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LEE v. BOLGER

June 29, 1978

George Lawrence LEE, Plaintiff,
v.
William F. BOLGER, Individually and as Regional Postmaster General for the Northeast Region of the Postal Service, New York, Defendant



The opinion of the court was delivered by: BRODERICK

MEMORANDUM ORDER

 VINCENT L. BRODERICK, U.S.D.J.

 Plaintiff, a black male, was the Director, Office of Equal Employment Compliance, Northeast Region, United States Postal Service from 1971 until April 1974. The position of General Manager, Equal Employment Opportunity ("EEO") Division, Northeast Region ("General Manager") was newly created in 1973. The selection process to fill the above vacancy was a seven-month effort spanning 1973 and 1974, which resulted in the selection of one Albert J. Washington, a black male.

 After the appointment of Mr. Washington to General Manager plaintiff filed an administrative complaint, alleging that the failure to promote plaintiff to the newly created position was a deliberate act of racial and sexual discrimination. A hearing was held before a Complaints Examiner, who issued findings and a recommended decision that plaintiff had failed to establish his allegation of discrimination. The United States Postal Service concurred in the findings and recommended decision, which were affirmed by the Civil Service Commission's Appeal Review Board. Plaintiff then filed this action.

 Plaintiff's action is for judicial review of agency action, and for declaratory and injunctive relief pursuant to 5 U.S.C. §§ 702, 704 and 706; 28 U.S.C. §§ 2201 and 2202; 39 U.S.C. § 409; 42 U.S.C. §§ 1981 and 2000e-16(a) and (c). *fn1" Plaintiff also complains that he was denied due process under the fifth amendment to the United States Constitution, having been deprived of certain rights, privileges and immunities by unlawful agency action. Plaintiff seeks to set aside the agency action denying him promotion to a position within the United States Postal Service and requests that his appointment and promotion to the above position be compelled.

 Jurisdiction is based upon a) 28 U.S.C. §§ 1343(3) and 1343(4), *fn2" b) 42 U.S.C. § 2000e-5(f)(3), *fn3" c) 39 U.S.C. § 409(a) *fn4" and d) 5 U.S.C. § 702. *fn5"

 The parties have presented this matter for determination on stipulated facts in lieu of a trial. *fn6" For the reasons hereafter stated, I dismiss the complaint.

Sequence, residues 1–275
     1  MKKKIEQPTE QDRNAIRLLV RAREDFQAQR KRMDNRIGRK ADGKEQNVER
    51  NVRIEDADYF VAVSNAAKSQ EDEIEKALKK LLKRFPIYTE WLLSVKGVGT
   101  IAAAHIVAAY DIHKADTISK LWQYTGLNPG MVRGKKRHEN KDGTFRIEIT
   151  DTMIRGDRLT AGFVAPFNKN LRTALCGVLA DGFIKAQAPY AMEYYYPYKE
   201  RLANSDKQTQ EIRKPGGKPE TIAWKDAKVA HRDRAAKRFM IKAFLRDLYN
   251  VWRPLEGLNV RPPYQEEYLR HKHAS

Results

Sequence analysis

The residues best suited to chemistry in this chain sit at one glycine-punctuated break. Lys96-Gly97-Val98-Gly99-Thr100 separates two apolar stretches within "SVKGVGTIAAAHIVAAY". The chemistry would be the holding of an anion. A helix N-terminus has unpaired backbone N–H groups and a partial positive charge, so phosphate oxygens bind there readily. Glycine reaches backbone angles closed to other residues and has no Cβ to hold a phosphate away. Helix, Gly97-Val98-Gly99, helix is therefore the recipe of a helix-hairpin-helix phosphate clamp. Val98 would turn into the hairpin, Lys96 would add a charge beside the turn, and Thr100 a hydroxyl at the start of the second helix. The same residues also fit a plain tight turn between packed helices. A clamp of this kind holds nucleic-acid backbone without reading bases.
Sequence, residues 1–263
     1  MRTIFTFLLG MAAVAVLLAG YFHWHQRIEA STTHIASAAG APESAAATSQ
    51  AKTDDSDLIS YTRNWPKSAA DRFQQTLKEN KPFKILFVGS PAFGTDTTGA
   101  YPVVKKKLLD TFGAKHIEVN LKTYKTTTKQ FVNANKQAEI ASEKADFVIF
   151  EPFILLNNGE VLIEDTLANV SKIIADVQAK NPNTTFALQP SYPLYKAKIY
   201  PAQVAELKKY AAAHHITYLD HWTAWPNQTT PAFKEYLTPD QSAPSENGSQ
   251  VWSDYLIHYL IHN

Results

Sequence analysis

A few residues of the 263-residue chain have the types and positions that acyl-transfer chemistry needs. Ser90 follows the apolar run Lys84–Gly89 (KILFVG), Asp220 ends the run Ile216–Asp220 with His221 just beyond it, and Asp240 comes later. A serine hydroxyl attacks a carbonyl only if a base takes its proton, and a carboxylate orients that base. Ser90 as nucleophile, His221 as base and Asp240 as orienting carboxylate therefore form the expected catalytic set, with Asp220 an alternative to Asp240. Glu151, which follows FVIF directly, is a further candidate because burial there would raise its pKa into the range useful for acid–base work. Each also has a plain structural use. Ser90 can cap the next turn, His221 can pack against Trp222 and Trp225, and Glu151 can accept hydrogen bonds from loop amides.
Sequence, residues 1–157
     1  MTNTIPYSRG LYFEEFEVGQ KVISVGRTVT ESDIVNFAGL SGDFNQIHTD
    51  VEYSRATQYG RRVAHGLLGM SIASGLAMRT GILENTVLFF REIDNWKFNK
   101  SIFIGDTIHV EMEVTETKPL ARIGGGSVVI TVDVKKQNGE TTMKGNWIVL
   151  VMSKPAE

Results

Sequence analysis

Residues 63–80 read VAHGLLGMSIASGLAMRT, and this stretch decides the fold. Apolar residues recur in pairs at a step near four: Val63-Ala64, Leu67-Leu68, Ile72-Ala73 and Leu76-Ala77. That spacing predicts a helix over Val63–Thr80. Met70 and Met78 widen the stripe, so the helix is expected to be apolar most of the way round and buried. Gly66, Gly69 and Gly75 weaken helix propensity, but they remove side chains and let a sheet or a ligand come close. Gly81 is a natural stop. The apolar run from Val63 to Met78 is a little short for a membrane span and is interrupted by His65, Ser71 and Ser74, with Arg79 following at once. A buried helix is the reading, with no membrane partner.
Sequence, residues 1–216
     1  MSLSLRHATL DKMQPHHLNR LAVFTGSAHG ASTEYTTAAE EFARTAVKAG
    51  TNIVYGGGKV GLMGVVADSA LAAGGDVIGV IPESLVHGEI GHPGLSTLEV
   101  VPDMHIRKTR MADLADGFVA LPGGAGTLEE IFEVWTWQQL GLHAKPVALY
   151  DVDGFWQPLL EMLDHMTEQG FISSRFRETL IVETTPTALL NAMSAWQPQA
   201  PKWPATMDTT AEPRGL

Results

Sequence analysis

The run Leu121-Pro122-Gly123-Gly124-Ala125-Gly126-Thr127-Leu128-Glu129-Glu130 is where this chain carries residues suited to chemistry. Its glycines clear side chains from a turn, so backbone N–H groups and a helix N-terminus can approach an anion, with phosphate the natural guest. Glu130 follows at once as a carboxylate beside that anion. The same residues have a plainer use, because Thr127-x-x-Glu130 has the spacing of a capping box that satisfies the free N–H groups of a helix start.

The Selection Process

 After the creation of the post of General Manager, the Assistant Regional Postmaster General announced on October 17, 1973 that Mrs. Florence Robinson, a white female, was to be appointed General Manager, effective after Christmas. Mrs. Robinson never assumed the duties of General Manager because it was determined 1) that incorrect procedures had been followed in filling the position, and 2) that Mrs. Robinson did not meet the criteria specified for the position. See Stipulation of Facts at 3 (May 12, 1977).

 Written notice of the availability of the position of General Manager was then circulated under the Postal Executive Salary ("PES") Promotion System, dated November 8, 1973. *fn7" The circular failed to generate the submission of any nomination for the General Manager post. See Stipulation of Facts at 3 (May 12, 1977). As in the case of Mrs. Robinson's abortive appointment, this method of filling the vacancy was determined to be irreconcilable with procedures set forth in applicable U.S. Postal Service Instructions.

 Thereafter, on January 10, 1974, the vacancy for the position of General Manager was announced in the Regional Bulletin. On January 24, 1974 plaintiff applied for the position.

 Following an initial screening process conducted by Mr. Pat Ciotti, Labor Relations Specialist, the names of six individuals were submitted to the Promotion Advisory Board ("the Board") for consideration as General Manager. See Stipulation of Facts at 4 (May 12, 1977). The plaintiff's name, and that of Mr. Washington, were included among the six. All six persons were male, and all but two were black. Each of the six candidates was interviewed by the Board, which then recommended three of them for appointment as General Manager -- Mr. Washington and two others named Adams and Cureton. The plaintiff was not recommended. Mr. Washington, ranked as most qualified by the Board, was appointed to the position, assuming his duties on April 1, 1974.

 The documents submitted to the Board with respect to Mr. Washington and Mr. Adams had contained only one supervisory recommendation each, instead of two as provided for in the applicable U.S. Postal Service Instructions. The Postal Service's explanation for this deviation from prescribed procedure was that their immediate supervisor, one Mr. McKay, was himself a candidate for the position of General Manager, and would have had a conflict of interest. See Stipulation of Facts at 5 (May 12, 1977).

 The Post-Appointment Reprisals

 On April 4, 1974, three days after Mr. Washington assumed his duties as General Manager, plaintiff received a so-called Letter of Direction. *fn8" On April 24, 1974, plaintiff filed an EEO complaint concerning the issuance of this letter and by agency decision dated September 20, 1974, the issuance of the Letter of Direction was decreed an act of reprisal and ordered expunged.

 On April 22, 1974, a Reduction in Force notice was issued to the plaintiff in which he was offered a position as EEO Appeals Coordinator, which was at a lower level than the position he then held. The Reduction in Force notice was subsequently withdrawn.

 On August 1, 1974 plaintiff received an Advance Notice of Removal, which directed that he go on indefinite administrative leave. That Notice was withdrawn on August 22, 1974 after plaintiff filed an EEO complaint concerning it. Plaintiff was ordered reinstated to duty by agency decision dated ...


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